But as the conflict went on, what happened eventually wasn’t unexpected. After all, the president has alluded to it time and again.
In Angeles City last December 2016, he expressed a desire to amend the constitution and allow a declaration of Martial Law without the approval of congress. In Davao City last January 2017, he said he would declare Martial Law if the drug problem becomes “virulent.” Last March 2017, the president told local government executives from Mindanao that he would place the entire island under Martial Law if they do not help him keep violence from “spinning out of control.”
So when Martial Law was declared in the entire island of Mindanao, to some people it was merely the inevitable finally happening.
There were those who welcomed the declaration as a valid response to the terror that has planted its foot firmly in Marawi City. After all, the declaration was made by a president who claimed he understood Mindanao and its history, and who took pride in his ancestors’ Moro heritage and claimed it as his own. This declaration was made in response to a threat against the Muslim majority population in Marawi, and not as a justification to kill Muslims. This declaration was supposed to protect the people of Marawi, not harm them. This declaration was different.
Until the president said it wasn’t. He said it would be similar to the late dictator’s Martial Law – harsh and indiscriminate.
I met Faisal* and Rahima* in Lanao del Sur a week after Martial Law was declared. Two days prior, they left Marawi City together with their family, fearing the worst.
“We campaigned for the president last year,” Rahima said. “It was exciting to finally have a president from Mindanao and we trusted him. Even when he declared Martial Law, we trusted him, but then he started talking about taking care of the soldiers and letting them do whatever they wanted. It was disappointing,” she said.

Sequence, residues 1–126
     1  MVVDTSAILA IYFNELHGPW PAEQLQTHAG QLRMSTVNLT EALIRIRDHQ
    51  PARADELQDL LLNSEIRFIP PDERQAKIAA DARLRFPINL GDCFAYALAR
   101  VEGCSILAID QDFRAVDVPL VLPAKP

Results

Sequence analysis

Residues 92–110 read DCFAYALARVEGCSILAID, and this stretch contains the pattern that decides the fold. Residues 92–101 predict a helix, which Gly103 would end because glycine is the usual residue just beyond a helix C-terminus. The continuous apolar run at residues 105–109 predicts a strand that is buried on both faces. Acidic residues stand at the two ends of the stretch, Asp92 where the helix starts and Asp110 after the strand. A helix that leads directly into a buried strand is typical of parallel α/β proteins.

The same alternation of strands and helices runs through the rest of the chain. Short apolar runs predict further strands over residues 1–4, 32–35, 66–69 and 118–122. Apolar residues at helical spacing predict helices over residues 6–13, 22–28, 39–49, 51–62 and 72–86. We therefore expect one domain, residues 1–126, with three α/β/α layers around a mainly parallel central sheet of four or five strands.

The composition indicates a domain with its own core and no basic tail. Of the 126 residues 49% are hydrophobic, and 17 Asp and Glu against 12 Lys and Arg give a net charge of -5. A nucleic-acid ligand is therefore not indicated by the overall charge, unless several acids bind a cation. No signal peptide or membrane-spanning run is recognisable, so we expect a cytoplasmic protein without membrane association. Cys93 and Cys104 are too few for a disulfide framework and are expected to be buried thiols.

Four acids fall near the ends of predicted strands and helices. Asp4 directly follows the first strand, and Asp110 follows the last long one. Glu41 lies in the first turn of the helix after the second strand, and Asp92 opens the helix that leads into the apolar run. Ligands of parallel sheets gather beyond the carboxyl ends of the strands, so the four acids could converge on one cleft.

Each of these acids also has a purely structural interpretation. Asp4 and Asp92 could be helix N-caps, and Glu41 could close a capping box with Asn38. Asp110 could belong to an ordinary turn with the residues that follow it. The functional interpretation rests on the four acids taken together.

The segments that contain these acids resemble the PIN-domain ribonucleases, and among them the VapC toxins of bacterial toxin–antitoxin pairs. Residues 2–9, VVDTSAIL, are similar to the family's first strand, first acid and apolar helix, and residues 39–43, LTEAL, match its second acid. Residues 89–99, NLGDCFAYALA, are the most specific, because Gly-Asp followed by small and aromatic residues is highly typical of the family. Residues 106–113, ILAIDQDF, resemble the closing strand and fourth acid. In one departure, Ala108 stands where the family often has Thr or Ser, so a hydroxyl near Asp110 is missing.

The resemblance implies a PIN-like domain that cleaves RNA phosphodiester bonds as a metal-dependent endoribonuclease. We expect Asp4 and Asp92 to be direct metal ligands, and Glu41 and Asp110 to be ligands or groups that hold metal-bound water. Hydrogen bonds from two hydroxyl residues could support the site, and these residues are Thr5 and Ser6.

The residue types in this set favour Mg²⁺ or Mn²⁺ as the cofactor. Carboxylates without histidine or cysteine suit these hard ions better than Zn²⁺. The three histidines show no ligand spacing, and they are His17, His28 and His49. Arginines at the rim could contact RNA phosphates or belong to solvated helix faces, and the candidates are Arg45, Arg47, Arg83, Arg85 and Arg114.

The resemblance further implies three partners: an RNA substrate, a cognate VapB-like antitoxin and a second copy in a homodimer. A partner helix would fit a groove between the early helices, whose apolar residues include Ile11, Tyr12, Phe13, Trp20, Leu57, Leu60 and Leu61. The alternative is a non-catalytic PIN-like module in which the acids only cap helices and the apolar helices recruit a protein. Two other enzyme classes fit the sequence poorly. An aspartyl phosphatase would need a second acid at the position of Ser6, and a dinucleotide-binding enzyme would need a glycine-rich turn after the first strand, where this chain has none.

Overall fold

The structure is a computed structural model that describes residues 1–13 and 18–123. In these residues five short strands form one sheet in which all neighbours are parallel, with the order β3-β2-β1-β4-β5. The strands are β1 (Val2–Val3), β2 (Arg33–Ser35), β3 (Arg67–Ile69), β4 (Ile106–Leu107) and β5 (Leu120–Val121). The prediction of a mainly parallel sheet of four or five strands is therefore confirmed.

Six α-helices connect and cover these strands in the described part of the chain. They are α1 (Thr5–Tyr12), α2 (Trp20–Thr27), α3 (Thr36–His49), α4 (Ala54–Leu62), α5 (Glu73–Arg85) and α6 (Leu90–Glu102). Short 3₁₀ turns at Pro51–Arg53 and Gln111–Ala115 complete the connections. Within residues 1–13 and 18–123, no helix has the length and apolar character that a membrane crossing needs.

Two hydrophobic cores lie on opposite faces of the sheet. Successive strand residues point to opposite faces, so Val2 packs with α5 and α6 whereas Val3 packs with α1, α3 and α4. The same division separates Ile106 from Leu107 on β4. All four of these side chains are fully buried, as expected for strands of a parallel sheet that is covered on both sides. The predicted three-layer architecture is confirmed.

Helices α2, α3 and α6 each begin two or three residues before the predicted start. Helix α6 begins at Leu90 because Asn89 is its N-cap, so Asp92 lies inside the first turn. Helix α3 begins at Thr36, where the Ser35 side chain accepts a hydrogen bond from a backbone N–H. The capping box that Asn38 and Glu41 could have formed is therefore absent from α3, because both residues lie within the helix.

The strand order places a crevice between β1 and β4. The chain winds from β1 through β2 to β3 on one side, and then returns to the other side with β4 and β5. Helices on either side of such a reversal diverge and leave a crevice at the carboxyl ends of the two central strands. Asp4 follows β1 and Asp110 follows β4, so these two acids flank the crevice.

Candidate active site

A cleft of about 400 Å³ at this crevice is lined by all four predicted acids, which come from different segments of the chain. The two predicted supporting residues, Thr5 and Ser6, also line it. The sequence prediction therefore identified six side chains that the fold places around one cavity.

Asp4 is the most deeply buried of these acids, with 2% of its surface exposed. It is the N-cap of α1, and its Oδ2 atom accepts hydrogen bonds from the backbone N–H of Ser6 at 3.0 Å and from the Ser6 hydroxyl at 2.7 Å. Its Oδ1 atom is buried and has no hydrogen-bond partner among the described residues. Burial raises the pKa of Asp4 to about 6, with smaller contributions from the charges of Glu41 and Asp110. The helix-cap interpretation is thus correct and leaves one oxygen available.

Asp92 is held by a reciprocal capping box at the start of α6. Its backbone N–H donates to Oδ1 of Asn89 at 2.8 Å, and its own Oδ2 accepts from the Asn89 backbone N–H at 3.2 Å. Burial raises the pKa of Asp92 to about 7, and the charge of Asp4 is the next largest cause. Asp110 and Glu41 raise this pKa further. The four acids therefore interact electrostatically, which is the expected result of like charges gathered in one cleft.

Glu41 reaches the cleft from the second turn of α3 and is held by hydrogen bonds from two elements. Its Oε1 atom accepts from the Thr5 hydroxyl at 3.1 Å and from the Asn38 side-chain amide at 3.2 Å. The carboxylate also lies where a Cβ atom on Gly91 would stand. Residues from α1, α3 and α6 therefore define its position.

“The rape joke was too much. It was painful to hear,” Rahima told me, trying to hold back tears as she recounted the president’s assurance that the soldiers in Marawi can rape up to three women with impunity. She said her neighbors have all torn up the identification cards (IDs) that have been carrying around since the campaign, cards that identified them as part of the president’s election campaign team.
But then Faisal spoke up, saying “I still have mine.” He took out his wallet and fished for the ID so he could show me what it looked like. “We all had this, we were so proud when we won,” he shared.
“I guess I no longer need this,” he then said in a voice that registered between mischief and anger, as he crumpled the ID with a hand that clenched into a tight fist.
There was hesitation in his gesture, and I recognized his pain as my own.
It is easy to say history repeats itself because we see shadows of the past in these dark times, but the assumption of a single narrative as implied by the word “history” falls flat, given the many histories that run parallel to each other in our country.
The narrative of the Bangsamoro is one that many of us are yet to acknowledge. Their struggle for self-determination is rooted on a history that is yet to be taught in our schools, let alone understood by all. The pain of the past that drives our current resistance against military rule is a pain that never left Mindanao. The memories on which our refusal of Martial Law is anchored are realities that have evolved in a myriad ways, in places far beyond the reach of Manila.
To say never forget and never again is to recognize Martial Law as a distant memory that we refuse to relive – an understandable sentiment, but is one that is also mildly unmindful of the fact that elsewhere Martial Law was never distant nor has it ended completely. As the fear of Martial Law going beyond the bounds of Mindanao builds, there is a need to assess where our sincere concern for those at the periphery ends and where our self-interest begins. Once Martial Law is lifted in Mindanao, will we still care about the issues that plague the south or will some of us go back to living our separate lives?
The sooner we recognize that there are histories apart from our own, the sooner we can learn from each other and build a nation less vulnerable to division – one that recognizes and respects the narratives of our people. May we never forget that there are histories we are yet to learn, and may we never again look away from it all.
*names have been changed upon request